Article

Cognitive rehabilitation for traumatic brain injury: A randomized trial. Defense and Veterans Head Injury Program (DVHIP) Study Group.

Defense and Veterans Head Injury Program, Bldg 1, Room B210, Walter Reed Army Medical Center, Washington, DC 20307-5001, USA.
JAMA The Journal of the American Medical Association (Impact Factor: 30.39). 07/2000; 283(23):3075-81.
Source: PubMed

ABSTRACT Traumatic brain injury (TBI) is a principal cause of death and disability in young adults. Rehabilitation for TBI has not received the same level of scientific scrutiny for efficacy and cost-efficiency that is expected in other medical fields.
To evaluate the efficacy of inpatient cognitive rehabilitation for patients with TBI.
Single-center, parallel-group, randomized trial conducted from January 1992 through February 1997 at a US military medical referral center.
One hundred twenty active-duty military personnel who had sustained a moderate-to-severe closed head injury, manifested by a Glasgow Coma Scale score of 13 or less, or posttraumatic amnesia lasting at least 24 hours, or focal cerebral contusion or hemorrhage on computed tomography or magnetic resonance imaging.
Patients were randomly assigned to an intensive, standardized, 8-week, in-hospital cognitive rehabilitation program (n=67) or a limited home rehabilitation program with weekly telephone support from a psychiatric nurse (n=53).
Return to gainful employment and fitness for military duty at 1-year follow-up, compared by intervention group.
At 1-year follow-up, there was no significant difference between patients who had received the intensive in-hospital cognitive rehabilitation program vs the limited home rehabilitation program in return to employment (90% vs 94%, respectively; P=.51; difference, 4% [95% confidence interval ¿CI¿, -5% to 14%]) or fitness for duty (73% vs 66%, respectively; P=. 43; difference, 7% [95% CI, -10% to 24%]). There also were no significant differences in cognitive, behavioral, or quality-of-life measures. In a post-hoc subset analysis of patients who were unconscious for more than 1 hour (n = 75) following TBI, the in-hospital group had a greater return-to-duty rate (80% vs 58%; P=. 05).
In this study, the overall benefit of in-hospital cognitive rehabilitation for patients with moderate-to-severe TBI was similar to that of home rehabilitation. These findings emphasize the importance of conducting randomized trials to evaluate TBI rehabilitation interventions. JAMA. 2000;283:3075-3081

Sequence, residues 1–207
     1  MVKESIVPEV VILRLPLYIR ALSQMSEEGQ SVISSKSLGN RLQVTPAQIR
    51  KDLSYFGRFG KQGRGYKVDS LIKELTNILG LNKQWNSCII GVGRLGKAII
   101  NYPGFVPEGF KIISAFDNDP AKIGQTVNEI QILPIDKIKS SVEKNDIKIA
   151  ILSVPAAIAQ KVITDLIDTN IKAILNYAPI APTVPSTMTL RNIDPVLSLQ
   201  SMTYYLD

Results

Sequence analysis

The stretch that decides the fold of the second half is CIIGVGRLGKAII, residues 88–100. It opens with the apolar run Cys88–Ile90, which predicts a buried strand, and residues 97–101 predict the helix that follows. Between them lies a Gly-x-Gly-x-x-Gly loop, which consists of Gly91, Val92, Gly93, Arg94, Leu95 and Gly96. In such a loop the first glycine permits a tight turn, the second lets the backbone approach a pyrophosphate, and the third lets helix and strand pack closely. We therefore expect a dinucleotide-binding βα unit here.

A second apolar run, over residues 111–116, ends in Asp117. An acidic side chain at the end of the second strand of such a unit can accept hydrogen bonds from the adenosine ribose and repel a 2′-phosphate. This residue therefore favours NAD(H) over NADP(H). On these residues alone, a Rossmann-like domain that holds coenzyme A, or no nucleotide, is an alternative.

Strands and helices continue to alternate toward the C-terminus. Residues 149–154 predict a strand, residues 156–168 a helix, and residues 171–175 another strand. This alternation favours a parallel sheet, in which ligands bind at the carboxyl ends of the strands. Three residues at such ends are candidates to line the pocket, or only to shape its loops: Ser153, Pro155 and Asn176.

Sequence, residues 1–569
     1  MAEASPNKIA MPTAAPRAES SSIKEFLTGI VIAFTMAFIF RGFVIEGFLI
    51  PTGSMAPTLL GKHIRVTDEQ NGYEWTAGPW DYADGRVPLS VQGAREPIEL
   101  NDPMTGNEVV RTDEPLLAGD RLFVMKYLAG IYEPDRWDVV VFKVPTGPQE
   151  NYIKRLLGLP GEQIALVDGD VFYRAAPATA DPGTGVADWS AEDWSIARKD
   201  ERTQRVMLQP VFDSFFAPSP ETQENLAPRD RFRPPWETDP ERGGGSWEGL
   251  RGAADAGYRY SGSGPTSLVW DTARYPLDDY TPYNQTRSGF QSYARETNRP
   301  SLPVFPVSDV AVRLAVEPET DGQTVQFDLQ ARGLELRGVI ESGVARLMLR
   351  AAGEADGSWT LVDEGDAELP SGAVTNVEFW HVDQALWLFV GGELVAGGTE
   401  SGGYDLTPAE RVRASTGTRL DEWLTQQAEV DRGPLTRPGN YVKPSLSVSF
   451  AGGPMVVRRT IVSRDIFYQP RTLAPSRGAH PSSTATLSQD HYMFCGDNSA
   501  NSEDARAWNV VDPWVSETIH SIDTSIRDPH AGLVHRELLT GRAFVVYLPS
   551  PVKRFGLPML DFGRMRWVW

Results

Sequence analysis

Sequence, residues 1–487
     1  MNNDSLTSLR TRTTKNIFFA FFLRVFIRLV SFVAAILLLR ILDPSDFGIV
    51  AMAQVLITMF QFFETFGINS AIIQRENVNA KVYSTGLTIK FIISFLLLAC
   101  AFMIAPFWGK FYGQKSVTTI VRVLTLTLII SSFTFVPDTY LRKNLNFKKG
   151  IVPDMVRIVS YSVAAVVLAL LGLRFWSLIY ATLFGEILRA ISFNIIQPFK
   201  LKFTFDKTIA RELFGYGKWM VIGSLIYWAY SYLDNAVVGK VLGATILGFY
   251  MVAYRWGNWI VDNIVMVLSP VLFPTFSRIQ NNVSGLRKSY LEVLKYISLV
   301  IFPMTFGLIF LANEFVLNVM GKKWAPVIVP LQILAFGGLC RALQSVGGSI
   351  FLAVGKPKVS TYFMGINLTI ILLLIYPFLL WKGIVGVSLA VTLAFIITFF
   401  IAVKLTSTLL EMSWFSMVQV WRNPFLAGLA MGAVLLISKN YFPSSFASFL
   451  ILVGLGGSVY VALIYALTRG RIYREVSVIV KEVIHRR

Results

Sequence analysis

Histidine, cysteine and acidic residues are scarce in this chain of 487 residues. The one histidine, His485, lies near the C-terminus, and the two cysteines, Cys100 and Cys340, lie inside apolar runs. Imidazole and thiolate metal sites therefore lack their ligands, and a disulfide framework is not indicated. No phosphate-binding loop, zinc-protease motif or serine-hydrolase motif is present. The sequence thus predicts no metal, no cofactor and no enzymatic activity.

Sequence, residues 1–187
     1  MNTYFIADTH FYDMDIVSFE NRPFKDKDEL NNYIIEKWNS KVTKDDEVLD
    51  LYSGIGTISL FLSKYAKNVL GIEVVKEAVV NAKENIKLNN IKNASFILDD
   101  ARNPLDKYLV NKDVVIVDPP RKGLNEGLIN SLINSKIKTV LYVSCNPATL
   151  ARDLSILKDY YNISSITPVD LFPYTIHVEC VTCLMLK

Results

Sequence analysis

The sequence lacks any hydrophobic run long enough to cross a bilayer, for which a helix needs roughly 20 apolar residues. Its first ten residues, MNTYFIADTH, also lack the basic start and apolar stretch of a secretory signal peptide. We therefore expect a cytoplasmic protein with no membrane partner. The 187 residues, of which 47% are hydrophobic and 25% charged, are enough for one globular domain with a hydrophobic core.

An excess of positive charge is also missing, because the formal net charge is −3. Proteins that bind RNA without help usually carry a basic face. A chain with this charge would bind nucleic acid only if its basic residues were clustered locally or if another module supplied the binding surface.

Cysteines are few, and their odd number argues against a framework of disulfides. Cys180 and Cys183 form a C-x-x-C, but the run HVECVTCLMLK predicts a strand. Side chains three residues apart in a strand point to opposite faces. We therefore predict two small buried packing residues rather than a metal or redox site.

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    • "In young adults TBI is considered one of the main causes of death (Hodgson et al., 2000). Moreover, it is a major cause of disability that includes physical and psychological involvement with long-term cognitive, behavioral, and social changes (Salazar et al., 2000; Khan et al., 2003). Neuroendocrine dysfunction has long been recognized as a consequence of TBI (Cyran, 1914), particularly in moderate and severe cases, although the last 10 years have witnessed a better understanding of the frequency of TBI-mediated hypopituitarism and its clinical implications, with the publication of an increasing number of studies (Benvega et al., 2000; Kelly et al., 2000; Lieberman et al., 2001; Agha et al., 2004; Bondanelli et al., 2004; Popovic et al., 2004; Aimaretti et al., 2005; Leal-Cerro et al., 2005; Herrmann et al., 2006; Schneider et al., 2006; Tanriverdi et al., 2006). "
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    • " al . ( 2000 ) —one of the only five RCTs - Class I studies rated in the present review—as an example of what he defines as the " dogma that randomized controlled studies provide the most convincing evidence regarding the efficiency of an intervention " . Prigatano ( 2003 ) stated the following reasons for the putatively misleading con clusions of Salazar et al . ( 2000 ) on the ineffectiveness of MORP in TBI individuals : ( 1 ) the program was designed for postacute rather than acute patients ( within the first month from injury in this study ) ; ( 2 ) the working alliance between the patient and the rehabilitation team as a predictive value for those benefiting from such treatment was neither mention"
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    • "In their exhaustive review, Carney et al [32] concluded that ''specific forms of cognitive rehabilitation reduce memory failures (notebook training/electronic cueing devices—results didn't hold 6 months post treatment) and anxiety, and improve self-concept and interpersonal relationships for persons with TBI.'' A recent Defense and Veteran's Head Injury program study did not find any significant improvement on their measures as a result of cognitive rehabilitation (compared with control group) in patients with moderate to severe TBI [34]. In conclusion, no definitive scientific evidence indicates that cognitive rehabilitation leads to sustained improvements in memory. "
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